Oregon’s Sandy River, which includes two federally designated Wild and Scenic River segments. | Bureau of Land Management

Click the link to read the article on the American River website (Amy Souers Kober):

My little boys are growing up. My older one starts kindergarten next month. My little one is charging out of toddlerhood, becoming more independent by the day. Life moves so fast, and the best way I know to slow things down and treasure the moments is to get out on a river.

My sons exploring outside together. Photo credit: Amy Souers Kober

So I took the boys to Oaks Bottom Wildlife Refuge. It’s in the heart of Portland, not far from our house.

A little piece of wildness on the Willamette River. An easy urban escape. It was cloudy, a welcome break from the record heat and drought we’ve had this summer. The alders and cottonwoods smelled so good as we walked the shady trails.

Walking down to the river, we talked, free of distractions. At home I feel as if I’m always trying to do five things at once and conversations are constantly interrupted. But here, it’s just us. No chores or emails, just walking and chatting. Just being, together. My five year old reaches out to hold my hand, and my heart melts. How much longer until he’s too old, too cool, for this?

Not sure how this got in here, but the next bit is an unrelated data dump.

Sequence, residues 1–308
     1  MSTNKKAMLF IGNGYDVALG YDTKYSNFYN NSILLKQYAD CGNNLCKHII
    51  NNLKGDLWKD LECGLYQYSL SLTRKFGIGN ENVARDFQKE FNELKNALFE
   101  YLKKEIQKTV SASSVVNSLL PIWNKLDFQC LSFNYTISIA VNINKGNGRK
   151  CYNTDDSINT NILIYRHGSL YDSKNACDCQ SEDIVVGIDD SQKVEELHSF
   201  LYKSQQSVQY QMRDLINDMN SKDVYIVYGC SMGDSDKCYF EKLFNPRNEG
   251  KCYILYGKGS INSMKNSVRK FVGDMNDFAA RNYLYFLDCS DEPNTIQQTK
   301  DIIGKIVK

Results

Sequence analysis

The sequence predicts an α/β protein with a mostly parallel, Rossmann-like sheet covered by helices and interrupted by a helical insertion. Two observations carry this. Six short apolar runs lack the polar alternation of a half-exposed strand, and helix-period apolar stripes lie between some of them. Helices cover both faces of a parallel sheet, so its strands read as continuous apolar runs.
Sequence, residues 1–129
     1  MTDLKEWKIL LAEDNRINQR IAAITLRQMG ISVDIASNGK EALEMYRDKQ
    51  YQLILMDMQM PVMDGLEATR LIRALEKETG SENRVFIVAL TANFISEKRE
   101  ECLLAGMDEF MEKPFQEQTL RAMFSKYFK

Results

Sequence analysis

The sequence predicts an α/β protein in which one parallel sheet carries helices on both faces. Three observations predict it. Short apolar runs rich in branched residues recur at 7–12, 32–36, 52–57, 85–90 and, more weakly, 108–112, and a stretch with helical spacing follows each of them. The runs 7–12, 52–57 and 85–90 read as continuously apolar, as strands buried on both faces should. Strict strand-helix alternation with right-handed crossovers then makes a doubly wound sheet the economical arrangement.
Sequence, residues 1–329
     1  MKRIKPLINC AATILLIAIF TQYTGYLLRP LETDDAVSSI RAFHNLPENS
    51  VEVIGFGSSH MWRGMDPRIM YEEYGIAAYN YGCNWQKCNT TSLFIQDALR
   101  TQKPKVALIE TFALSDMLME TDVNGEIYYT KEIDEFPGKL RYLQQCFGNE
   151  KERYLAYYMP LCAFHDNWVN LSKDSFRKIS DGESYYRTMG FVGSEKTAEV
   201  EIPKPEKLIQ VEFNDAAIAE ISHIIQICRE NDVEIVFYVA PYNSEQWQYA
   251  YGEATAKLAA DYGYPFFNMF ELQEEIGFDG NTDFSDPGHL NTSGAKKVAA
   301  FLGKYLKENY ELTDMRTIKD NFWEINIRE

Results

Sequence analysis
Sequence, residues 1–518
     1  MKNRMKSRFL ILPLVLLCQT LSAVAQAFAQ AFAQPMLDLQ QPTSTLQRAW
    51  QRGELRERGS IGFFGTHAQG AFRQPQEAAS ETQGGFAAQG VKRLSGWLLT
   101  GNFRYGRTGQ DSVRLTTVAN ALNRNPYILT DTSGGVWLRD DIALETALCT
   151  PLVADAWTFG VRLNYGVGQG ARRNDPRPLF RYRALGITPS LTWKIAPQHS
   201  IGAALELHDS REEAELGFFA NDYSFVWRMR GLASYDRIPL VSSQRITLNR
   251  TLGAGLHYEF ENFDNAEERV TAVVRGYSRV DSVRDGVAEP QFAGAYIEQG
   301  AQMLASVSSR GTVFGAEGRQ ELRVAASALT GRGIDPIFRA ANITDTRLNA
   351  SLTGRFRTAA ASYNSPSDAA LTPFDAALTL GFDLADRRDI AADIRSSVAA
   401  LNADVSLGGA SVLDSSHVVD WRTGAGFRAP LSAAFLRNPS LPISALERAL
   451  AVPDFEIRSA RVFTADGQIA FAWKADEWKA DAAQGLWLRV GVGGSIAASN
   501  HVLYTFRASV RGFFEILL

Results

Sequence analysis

As we walk, I’m thinking about a recent New York Times article, HOW WALKING IN NATURE CHANGES THE BRAIN. The story looks at how spending time in natural spaces reduces anxiety, worry and stress.

For me, rivers are medicine. I know when I need a break, when I need to get out for a float, swim, paddle, or streamside hike. If walking in nature changes our brains, then spending time on rivers must deliver an even bigger bang for the buck, right? I’m thinking of multi-day river trips. I’m thinking of finding peace and connection, of open hearts and strengthened spirits. Healing waters. I’m remembering floating on my back down the Salmon, nights in the Grand Canyon, early morning kayaking on the Potomac…